Writing on walls can be a powerful communication method. Wilkipedia credits the first modern graffiti artist as being Cornbread who as a student in 1967 wrote on walls in an attempt to get a girl’s attention. In Sheffield on a bridge, that is part of the Park Hill flats the sprayed message ‘I love you, will you marry me’  has been immortalised in lights.

Now a days with the internet is possible to get messages across to a large group of strangers; though posts electronic walls, tweets etc… In times gone by expressing political views or making statements about situations has been enabled by writing on walls such as John Lennon’s wall where peace messages were painted during times of communism and the Berlin wall.

Wonderwall: John Lennon Wall Prague

Wonderwalls: Berlin

Despite  enhanced mass communications methods street art can still be used to highlight topical issue /  points of views.

Women’s rights street art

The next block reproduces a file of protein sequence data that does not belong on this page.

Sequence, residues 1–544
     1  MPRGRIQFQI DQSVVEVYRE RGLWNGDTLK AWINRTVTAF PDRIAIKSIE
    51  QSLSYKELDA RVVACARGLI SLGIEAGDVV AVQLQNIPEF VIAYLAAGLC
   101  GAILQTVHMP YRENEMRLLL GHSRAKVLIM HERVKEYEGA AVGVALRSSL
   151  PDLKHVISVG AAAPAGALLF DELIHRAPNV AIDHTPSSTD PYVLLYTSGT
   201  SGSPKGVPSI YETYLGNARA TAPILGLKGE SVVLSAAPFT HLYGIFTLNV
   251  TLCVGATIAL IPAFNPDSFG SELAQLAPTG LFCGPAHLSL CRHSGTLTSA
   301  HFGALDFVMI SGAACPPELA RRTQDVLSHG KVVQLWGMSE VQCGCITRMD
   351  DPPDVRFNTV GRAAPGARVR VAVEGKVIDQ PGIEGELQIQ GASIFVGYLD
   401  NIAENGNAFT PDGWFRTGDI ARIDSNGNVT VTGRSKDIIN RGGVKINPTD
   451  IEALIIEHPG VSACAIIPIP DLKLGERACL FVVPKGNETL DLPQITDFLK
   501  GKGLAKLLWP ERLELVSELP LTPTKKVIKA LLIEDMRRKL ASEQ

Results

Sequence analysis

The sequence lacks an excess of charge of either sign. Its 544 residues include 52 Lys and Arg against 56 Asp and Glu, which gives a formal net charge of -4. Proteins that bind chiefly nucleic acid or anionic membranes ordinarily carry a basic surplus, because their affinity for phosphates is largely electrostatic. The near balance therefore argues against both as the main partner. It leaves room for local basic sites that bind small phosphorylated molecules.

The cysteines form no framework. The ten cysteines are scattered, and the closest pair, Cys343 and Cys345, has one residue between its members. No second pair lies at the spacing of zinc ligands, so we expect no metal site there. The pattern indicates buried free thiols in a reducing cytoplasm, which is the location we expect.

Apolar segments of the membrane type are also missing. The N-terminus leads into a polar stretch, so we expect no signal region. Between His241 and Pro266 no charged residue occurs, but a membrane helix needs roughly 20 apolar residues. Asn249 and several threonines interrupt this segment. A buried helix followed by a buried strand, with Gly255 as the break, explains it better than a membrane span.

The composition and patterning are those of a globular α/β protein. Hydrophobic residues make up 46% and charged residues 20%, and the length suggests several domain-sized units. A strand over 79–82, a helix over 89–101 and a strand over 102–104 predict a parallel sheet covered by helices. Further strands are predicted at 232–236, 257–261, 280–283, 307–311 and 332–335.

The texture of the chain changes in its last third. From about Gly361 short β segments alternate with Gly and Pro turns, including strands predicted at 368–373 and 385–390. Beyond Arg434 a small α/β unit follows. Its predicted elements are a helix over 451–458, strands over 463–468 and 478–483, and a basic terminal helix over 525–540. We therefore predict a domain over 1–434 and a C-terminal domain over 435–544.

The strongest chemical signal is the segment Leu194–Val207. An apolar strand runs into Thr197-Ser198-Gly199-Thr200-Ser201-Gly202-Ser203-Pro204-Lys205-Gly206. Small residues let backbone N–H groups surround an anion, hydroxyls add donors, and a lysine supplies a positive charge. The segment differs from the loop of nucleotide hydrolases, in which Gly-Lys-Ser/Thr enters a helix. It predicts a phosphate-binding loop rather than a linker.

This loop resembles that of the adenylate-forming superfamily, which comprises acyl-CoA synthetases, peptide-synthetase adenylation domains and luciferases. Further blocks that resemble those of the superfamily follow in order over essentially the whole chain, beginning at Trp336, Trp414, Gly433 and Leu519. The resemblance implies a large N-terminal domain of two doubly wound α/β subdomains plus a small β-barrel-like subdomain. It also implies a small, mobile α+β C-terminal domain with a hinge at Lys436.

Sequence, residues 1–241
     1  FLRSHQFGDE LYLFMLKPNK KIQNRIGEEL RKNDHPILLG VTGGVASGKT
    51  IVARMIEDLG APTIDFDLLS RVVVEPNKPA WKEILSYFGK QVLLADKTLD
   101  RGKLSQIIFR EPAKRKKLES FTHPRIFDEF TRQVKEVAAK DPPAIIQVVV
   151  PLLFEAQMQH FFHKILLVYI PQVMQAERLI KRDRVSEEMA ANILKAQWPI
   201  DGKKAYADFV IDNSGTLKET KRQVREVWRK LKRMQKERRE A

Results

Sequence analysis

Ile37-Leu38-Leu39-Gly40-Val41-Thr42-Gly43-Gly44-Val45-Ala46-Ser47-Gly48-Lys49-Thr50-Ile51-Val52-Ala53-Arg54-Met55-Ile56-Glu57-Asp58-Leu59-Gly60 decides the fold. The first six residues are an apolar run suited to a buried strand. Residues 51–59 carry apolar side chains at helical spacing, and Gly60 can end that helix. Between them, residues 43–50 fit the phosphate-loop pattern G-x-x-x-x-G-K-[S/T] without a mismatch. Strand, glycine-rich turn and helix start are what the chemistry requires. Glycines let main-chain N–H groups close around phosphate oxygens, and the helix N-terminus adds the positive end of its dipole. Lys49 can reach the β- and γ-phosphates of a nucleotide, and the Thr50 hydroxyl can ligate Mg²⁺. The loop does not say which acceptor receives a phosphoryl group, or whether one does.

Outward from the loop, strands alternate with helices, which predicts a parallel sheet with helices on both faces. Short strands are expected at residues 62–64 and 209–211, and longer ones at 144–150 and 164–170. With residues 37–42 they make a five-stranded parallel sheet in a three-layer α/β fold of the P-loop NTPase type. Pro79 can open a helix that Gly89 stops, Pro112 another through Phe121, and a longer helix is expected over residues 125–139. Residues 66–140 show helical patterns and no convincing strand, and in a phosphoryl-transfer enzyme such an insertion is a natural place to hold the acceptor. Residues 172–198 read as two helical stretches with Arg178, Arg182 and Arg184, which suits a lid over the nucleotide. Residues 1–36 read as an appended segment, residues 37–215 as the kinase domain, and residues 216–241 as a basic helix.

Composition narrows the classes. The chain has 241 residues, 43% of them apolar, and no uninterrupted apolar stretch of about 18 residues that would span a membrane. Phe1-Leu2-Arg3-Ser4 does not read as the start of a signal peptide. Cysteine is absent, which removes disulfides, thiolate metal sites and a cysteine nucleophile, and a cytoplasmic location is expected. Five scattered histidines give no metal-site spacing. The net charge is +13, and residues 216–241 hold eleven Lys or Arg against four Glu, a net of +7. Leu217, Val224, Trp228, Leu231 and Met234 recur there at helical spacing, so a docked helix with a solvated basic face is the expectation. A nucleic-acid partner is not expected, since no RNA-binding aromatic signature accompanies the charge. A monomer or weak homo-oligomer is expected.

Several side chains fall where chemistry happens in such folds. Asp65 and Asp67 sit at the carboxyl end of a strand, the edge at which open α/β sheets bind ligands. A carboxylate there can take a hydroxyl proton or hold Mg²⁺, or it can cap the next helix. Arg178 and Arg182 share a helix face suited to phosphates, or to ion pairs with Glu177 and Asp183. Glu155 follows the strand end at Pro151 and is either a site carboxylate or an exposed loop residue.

Global warming street art


Some art pieces need a large space and walls provide that space.

Some would argue those who spraypaint their ‘tag’ albeit that it may be a moniker rather than actual name reflecting the risks of tagging illicitly; are not so artistic. Perhaps taggers have different aims.

A quote from the following article (also linked above):

A fascinating post (not mine) about street art.

The article above also speculates the thrill that the taggers get from the process; the cat and mouse game with police. Then there are so called heaven spots, which is where tags are painted in difficult to reach places. it can be a wonder when you spot some colour , high up on a building; how on earth it was painted. Indeed unfortunately  heaven spots are also so called because of the risk to life.

I also wonder whether taggers get a thrill seeing their tag everywhere. I have noticed the Nop tag everywhere in Sheffield and it did cause me to think what it meant,; therefore it has had some impact on myself. It has been suggested the nop tag stands for Norfolk park and it is a gang symbol and that it stands for Not for Profit.

Wonderwalls? NO:P
I also see the word Quiet and initials SCS around Sheffield.

A couple of times in the same writing, I have seen the message ‘keep it real’.

I see the colours and words but never the people creating. So what do I really know?